Workplace hazards can sneak up on you, especially those that aren’t obvious, or take time to result in poor health or injury
Since they don’t pose an immediate threat, they’re easy to overlook. It’s important to regularly check on these sneaky dangers.
Before we get started with specific potential workplace hazards to keep an eye on, it’s important to note that employee involvement is critical for these efforts to be successful.
A safety manager or safety team can’t take care of this checklist of duties without help.
Getting employees involved reduces strain on management and empowers staff to have agency over their own well-being.
This is an important part of creating a strong safety culture.
If workers are well educated about workplace hazards examples, and are in the habit of regularly checking on them, they’ll also be better equipped to spot, hear, or smell other possible hazards.
They can be the eyes, ears, and noses in the areas management may not often get to.
To keep potential workplace hazards fresh in workers’ minds, consider covering them briefly in a safety moment or toolbox talk.
What are the hazards?
When discussing workplace safety, it’s useful to clarify what constitutes a safety hazard.
The Canadian Centre for Occupational Health and Safety provides a good general workplace hazards definition: “There are many definitions for hazard, but the most common definition when talking about workplace health and safety is: A hazard is any source of potential damage, harm or adverse health effects on something or someone.”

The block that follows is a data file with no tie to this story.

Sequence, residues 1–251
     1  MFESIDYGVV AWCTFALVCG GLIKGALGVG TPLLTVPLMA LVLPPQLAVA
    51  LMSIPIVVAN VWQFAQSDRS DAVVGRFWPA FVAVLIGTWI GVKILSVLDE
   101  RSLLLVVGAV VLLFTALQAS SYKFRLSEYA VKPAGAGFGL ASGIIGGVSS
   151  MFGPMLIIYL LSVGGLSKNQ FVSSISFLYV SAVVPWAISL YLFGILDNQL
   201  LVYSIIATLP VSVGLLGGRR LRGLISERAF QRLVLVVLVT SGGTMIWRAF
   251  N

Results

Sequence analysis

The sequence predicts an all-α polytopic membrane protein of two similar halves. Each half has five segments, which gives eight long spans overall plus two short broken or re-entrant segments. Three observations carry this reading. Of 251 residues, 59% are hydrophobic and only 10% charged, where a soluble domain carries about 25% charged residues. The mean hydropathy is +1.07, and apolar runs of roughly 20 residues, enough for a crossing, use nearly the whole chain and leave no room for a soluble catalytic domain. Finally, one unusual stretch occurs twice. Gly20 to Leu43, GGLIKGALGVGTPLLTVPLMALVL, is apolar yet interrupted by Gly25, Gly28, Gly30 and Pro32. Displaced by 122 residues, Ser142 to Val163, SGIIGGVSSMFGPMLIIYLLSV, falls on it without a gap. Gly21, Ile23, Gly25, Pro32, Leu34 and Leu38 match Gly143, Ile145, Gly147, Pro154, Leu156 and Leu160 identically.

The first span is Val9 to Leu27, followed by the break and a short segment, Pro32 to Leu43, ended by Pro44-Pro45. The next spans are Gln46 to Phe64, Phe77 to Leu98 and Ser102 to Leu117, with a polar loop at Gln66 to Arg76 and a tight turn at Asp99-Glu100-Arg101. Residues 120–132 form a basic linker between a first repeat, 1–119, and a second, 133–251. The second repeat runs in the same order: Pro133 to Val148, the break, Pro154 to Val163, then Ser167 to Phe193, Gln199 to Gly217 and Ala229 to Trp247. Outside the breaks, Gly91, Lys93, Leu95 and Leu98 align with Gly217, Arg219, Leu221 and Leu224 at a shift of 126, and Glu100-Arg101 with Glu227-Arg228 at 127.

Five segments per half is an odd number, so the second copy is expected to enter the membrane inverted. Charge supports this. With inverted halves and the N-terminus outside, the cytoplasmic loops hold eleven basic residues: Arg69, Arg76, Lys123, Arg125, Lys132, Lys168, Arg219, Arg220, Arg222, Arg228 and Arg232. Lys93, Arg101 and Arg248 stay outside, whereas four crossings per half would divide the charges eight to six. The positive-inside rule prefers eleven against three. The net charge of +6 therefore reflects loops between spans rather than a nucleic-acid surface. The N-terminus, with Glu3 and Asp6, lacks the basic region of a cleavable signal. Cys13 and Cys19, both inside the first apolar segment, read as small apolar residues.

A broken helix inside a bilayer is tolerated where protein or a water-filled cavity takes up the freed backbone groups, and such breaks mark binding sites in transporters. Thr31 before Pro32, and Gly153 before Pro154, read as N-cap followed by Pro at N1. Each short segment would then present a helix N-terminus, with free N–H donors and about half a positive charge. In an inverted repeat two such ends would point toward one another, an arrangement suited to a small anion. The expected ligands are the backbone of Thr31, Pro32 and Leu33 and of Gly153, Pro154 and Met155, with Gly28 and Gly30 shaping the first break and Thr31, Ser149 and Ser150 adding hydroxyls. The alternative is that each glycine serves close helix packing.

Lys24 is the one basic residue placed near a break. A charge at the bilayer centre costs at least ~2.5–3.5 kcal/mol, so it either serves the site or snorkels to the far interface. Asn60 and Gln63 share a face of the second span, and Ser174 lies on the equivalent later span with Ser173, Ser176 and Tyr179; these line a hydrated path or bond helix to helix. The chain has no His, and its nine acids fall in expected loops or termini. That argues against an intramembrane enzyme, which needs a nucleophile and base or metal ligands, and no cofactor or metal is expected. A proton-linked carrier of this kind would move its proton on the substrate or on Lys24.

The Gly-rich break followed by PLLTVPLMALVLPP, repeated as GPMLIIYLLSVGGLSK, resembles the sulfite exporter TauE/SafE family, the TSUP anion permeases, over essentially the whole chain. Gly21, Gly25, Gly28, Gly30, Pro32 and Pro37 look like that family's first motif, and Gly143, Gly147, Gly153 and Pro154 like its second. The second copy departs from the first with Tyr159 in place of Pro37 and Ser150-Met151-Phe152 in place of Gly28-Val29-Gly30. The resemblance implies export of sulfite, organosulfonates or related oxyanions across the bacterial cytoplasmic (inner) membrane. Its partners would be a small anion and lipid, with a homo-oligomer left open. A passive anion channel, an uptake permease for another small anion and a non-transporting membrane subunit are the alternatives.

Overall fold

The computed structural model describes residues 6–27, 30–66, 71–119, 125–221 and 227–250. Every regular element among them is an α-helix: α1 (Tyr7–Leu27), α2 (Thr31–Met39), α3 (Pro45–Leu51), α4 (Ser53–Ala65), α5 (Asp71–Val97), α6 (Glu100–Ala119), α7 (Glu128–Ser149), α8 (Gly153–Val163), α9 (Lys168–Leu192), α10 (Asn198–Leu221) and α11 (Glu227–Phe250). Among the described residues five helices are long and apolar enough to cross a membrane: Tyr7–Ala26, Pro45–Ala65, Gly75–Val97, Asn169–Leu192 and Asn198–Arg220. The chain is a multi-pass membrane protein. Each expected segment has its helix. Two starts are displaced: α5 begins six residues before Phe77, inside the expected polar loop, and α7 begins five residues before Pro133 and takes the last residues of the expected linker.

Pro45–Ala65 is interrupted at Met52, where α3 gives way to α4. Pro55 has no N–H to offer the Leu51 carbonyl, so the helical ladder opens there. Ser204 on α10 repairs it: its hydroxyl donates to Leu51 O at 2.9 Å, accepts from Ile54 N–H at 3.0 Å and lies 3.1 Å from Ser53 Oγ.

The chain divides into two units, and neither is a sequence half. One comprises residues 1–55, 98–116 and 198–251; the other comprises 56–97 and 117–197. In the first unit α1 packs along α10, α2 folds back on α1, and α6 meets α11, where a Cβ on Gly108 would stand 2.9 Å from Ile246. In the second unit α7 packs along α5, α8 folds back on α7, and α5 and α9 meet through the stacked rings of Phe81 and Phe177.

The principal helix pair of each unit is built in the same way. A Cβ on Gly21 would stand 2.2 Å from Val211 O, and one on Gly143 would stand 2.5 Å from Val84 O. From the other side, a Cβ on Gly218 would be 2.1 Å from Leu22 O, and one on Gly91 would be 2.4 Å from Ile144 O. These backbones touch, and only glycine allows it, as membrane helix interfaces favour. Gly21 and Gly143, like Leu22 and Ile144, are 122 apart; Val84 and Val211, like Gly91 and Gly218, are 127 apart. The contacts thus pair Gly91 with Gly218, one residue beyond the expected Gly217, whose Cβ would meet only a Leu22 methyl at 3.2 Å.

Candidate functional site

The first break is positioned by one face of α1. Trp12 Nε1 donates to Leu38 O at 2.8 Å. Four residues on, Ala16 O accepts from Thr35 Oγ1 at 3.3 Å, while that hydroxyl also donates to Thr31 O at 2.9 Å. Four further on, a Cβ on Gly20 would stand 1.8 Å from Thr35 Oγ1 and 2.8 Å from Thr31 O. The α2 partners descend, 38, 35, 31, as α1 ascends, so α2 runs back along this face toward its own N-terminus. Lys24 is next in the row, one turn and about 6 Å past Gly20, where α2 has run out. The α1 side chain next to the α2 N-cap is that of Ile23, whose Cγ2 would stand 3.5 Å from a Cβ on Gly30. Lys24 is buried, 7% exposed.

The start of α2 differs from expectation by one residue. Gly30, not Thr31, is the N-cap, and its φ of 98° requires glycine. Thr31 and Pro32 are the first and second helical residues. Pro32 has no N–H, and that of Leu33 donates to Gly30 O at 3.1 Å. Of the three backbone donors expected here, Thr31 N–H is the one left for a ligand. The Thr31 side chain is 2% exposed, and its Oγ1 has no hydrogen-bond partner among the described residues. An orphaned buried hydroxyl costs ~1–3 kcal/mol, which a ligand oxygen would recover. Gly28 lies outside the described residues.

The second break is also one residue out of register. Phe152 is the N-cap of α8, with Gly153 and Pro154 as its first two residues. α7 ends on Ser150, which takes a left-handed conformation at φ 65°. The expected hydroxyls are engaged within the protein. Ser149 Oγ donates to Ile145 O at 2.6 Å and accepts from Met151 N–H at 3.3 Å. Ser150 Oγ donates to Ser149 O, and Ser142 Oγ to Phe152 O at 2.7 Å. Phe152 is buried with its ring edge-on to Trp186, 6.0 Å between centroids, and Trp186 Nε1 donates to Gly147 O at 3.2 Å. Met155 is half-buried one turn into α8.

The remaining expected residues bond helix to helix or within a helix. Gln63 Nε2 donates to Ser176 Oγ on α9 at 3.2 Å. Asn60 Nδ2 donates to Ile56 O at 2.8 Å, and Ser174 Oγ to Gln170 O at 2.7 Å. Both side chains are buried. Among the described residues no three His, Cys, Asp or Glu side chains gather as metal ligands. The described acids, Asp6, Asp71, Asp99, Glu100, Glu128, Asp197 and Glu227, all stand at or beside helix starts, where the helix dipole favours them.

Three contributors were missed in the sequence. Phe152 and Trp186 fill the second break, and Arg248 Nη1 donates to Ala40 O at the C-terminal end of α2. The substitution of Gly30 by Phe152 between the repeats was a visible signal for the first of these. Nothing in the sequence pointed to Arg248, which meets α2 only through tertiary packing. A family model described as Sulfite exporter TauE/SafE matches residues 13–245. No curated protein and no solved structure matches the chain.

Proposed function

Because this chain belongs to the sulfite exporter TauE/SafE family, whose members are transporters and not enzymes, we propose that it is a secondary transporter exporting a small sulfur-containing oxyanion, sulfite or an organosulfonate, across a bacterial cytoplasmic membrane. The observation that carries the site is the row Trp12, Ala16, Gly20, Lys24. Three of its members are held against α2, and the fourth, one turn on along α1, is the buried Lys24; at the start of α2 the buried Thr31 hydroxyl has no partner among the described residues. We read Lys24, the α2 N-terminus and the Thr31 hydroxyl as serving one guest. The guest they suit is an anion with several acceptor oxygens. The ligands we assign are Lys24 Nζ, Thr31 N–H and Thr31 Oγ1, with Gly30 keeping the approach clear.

Hidden dangers, and those that take time to cause harm, are just as critical to address as those that are more obvious. They all have the potential to cause health issues.
1. Breath the air, smell the air
Poor indoor air quality (IAQ) can lead to a host of health issues including headaches, eye irritation, rashes, sinus and respiratory problems, and worse.
While OSHA doesn’t have IAQ standards, it does offer general guidelines on the subject: “The qualities of good IAQ should include comfortable temperature and humidity, adequate supply of fresh outdoor air, and control of pollutants from inside and outside of the building.”
Employees can help monitor this hazard by being mindful of the causes of poor IAQ. Major contributors include the following:
- Poor HVAC quality or maintenance
- Toxic cleaners and air fresheners
- Temperatures that are too hot or too cold
- Construction or renovation dust
- Dampness and mold
- Outdoor traffic exhaust and smoke
- Off-gassing from carpets, paint, and furniture
Employees should also take note of any unpleasant smells, visible leaks, or water spots, and record any health symptoms that could be associated with poor IAQ.
2. Wipe it down
Studies show that offices are full of bacteria. But how bad could it be, really? Ready for this?
“The average desk contains 400 times more germs than a toilet seat, new research has revealed,” states a March 2018 story in the UK’s Independent.
“The research revealed that more than two-thirds of office workers are at risk of sickness due to dirty desks.”
The desk phone features the highest density of illness-inducers, but the entire desk surface can get pretty gross, too.
Your keyboard and mouse are also popular bacteria congregation spots. So is the office kitchen, including the water tap and any objects frequently touched by multiple people.